The neighbor then called his friend who took me back to Boys Town on his motorcycle for the real price. From there, I got a tuk-tuk to Elwa and then a share taxi home.
For dinner, I went to a nearby restaurant that had a mix of local and Western food. It was fine.
February 13, 2023: Monrovia
With my last full day in Liberia, I decided to explore the center of Monrovia, capital of Liberia. The walk to the center took about an hour. While I could have easily taken a taxi, I thoroughly enjoyed see life happen.
The city center itself is small and on a grid.
My first stop was Providence Island just to the north of the center. Providence Island is a key site in Liberia´s unique history. While the island appeared to be open for visitors, I was told that there was some mysterious procedure that I needed to follow. Luckily, everything is flexible in Africa and I eventually talked my way into getting an island tour for $5.
Liberia is unlike any other African country. It was founded by freed slaves from the United States. The American Colonialization Society, a group supported by a unique coalition of abolitionists hoping for better life for Blacks and racist slaveholders trying to remove potentially disruptive free Blacks from society, sponsored the 1820 journey of 88 free Blacks and 3 White representatives of the American Colonization Society. After rejection in Sierra Leone, the group landed on Providence Island in 1822 where they negotiated a deal with the local chiefs to settle.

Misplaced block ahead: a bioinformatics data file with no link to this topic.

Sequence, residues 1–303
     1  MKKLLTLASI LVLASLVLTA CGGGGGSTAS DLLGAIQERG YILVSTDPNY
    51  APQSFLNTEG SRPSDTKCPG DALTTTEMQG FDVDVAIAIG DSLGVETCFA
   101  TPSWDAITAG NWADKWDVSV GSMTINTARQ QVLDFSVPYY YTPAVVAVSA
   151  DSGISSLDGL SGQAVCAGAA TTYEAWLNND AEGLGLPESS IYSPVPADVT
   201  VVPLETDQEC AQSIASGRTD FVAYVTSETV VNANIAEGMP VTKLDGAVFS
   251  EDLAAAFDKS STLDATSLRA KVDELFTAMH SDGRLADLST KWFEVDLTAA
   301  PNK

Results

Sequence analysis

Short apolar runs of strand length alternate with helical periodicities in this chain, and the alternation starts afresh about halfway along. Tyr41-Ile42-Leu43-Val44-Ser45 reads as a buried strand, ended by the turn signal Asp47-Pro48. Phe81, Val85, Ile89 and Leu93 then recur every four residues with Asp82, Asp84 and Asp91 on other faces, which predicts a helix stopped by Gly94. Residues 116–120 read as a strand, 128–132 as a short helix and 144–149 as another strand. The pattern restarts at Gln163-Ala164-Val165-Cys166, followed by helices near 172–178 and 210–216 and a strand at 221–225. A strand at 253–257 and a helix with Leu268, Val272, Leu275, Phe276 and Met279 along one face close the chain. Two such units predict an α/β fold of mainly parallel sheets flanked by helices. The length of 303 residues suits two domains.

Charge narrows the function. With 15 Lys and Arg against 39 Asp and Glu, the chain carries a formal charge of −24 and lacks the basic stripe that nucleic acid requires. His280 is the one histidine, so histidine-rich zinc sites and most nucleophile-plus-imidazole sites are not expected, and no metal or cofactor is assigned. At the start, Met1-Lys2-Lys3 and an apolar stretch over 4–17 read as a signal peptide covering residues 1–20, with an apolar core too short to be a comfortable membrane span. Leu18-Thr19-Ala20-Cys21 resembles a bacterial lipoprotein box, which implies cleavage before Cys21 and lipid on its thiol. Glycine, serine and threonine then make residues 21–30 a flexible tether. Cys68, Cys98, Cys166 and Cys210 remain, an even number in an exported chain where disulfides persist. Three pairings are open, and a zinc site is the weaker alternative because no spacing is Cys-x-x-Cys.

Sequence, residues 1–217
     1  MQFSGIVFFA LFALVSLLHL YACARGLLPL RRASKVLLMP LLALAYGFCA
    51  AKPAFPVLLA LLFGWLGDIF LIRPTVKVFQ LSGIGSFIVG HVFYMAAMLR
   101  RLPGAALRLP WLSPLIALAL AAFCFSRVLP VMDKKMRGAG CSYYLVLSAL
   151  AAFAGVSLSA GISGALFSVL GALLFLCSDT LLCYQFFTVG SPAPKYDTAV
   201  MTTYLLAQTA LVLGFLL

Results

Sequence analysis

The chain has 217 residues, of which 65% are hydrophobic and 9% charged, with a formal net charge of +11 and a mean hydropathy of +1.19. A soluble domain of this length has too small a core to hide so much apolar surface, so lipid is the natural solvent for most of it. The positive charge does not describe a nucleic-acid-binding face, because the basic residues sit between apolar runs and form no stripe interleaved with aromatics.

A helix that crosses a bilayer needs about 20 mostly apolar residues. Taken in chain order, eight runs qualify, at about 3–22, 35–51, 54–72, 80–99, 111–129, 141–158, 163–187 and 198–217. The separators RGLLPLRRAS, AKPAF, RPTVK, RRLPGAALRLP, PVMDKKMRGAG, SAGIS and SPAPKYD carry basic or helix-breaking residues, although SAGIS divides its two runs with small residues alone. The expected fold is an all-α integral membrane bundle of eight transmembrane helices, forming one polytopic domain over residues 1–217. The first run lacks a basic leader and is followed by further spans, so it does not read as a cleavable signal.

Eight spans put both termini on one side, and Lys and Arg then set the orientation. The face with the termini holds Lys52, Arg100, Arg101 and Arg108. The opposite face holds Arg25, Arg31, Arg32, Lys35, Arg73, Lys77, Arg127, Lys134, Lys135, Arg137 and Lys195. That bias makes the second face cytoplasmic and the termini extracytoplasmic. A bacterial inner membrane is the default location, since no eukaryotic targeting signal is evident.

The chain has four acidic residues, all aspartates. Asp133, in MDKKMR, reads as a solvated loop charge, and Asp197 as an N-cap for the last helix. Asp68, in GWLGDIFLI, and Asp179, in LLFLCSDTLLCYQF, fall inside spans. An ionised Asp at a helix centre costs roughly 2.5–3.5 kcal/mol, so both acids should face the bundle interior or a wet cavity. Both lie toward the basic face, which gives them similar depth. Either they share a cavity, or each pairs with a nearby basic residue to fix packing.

This colony was named Liberia for liberty and the main city was named Monrovia for the current US President, James Monroe. Over the next few decades more than 15,000 freed slaves would come to Liberia. Liberia became a country in 1847 with a government based on the United States Constitution. Along with Ethiopia, it was the only African country to have never been colonized by a Western power. It is for this reason, that many things in Liberia “feel” American. Their currency is the dollar with bills that look like US greenbacks, they use miles instead of kilometers, the flag looks just like the American flag, they have hand-me-down school buses and police uniforms, and many of the names are American such as Maryland County and the second largest city Buchanan.